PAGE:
// CONFIG['pageExcludes'] = [ 'app', 'api', 'index']

  function getPages() {
    return new Promise((res) => {
      fs.readdir(path.join(process.cwd(), 'pages'), (err, data) => {
        const pageFiles = data.filter((f) => {
          return !CONFIG['pageExcludes'].filter((ex) => f.includes(ex)).pop();
        });

        res(pageFiles.map((p) => p.replace('.js', '')));
      });
    });
  }

  const html = await parseREADME();
  const pages = await getPages();

  return {
    props: { html, pages },
  };
Enter fullscreen mode Exit fullscreen mode
      <footer> 
        <div id="pages">
          { pages.map((p) => p ? <a key={p} href={`/${p}`}>{ p }</a> : null }
        </div>
      </footer>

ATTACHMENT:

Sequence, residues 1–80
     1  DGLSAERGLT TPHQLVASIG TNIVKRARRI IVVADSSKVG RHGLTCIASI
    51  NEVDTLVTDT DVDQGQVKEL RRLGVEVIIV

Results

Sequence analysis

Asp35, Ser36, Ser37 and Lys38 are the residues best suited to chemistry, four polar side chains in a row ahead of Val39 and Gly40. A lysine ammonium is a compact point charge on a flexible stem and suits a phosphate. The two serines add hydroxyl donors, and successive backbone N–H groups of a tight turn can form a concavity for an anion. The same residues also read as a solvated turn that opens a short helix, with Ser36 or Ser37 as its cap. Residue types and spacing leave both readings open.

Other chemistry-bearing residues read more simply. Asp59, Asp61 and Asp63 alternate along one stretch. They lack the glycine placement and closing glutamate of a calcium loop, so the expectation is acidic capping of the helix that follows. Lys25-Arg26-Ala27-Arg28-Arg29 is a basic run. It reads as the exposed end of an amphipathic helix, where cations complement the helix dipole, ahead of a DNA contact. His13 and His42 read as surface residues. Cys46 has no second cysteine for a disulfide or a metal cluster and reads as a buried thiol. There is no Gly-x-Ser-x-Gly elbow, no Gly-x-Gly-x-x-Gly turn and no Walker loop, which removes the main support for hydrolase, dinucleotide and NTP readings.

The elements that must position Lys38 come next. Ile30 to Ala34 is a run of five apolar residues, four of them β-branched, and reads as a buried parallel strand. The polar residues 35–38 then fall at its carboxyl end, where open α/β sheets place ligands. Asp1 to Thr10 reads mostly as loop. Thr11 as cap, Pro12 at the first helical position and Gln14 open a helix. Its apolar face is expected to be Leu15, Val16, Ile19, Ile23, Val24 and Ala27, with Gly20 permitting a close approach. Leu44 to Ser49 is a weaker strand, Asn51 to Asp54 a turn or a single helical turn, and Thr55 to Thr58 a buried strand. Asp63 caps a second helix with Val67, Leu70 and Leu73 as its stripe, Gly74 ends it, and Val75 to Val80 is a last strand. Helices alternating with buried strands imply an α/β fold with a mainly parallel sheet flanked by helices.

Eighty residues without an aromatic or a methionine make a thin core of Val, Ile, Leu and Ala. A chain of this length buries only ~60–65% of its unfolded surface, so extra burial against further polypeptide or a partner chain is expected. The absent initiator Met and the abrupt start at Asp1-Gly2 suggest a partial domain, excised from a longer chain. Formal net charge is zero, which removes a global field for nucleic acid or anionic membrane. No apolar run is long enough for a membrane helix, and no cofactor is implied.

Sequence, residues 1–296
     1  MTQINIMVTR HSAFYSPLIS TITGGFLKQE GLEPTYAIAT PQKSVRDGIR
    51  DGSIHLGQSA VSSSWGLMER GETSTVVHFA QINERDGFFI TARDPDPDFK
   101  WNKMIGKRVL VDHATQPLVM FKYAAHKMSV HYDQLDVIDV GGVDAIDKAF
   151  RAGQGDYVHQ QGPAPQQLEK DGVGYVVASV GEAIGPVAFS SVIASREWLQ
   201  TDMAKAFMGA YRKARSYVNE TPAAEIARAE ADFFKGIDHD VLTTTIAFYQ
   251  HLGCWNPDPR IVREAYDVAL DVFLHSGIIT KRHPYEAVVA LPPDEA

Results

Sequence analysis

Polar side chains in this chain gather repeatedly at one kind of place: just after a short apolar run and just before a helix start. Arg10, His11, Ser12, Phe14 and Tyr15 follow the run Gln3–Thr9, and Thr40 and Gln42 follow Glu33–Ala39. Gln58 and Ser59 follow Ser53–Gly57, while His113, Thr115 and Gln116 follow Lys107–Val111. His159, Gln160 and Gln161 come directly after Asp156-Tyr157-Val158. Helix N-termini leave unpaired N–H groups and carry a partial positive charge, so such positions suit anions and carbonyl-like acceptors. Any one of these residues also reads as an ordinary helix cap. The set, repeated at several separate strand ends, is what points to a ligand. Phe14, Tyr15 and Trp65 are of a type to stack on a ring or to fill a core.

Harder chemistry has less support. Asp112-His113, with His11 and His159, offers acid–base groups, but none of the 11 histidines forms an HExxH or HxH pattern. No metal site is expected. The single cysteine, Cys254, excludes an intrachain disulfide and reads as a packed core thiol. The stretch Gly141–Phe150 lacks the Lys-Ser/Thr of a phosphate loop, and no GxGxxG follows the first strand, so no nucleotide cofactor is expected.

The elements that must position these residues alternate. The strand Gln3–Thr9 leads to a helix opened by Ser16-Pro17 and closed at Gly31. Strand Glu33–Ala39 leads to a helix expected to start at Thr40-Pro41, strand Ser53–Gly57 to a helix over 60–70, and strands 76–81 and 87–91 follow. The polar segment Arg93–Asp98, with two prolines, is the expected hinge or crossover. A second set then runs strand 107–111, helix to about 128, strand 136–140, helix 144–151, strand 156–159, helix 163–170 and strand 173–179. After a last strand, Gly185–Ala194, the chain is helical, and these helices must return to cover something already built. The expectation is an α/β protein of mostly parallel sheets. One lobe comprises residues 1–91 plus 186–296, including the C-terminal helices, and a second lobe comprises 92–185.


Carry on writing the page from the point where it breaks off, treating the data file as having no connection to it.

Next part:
Enter fullscreen mode Exit fullscreen mode

Gathering my Blog Post Data

With this feature, I can now create unique CMS pages to extend my static site. Let's create a blog page to fetch my DEV posts.

I'll be using the axios library to make a request to the DEV api, gather my posts data, and send those props to the page for static site generation. Again, taking advantage of the getStaticProps hook.

// pages/blog.js

export async function getStaticProps() {
  const axios = require('axios');

  function getArticle() {
    return new Promise(async (res) => {
      const req = await axios({
        method: 'GET',
        url: 'https://dev.to/api/articles?username=unitehenry'
      });

      if(req['data']) {
        try {
          const data = req['data'];
          res(data.map((article) => {
            return {
              title: article['title'],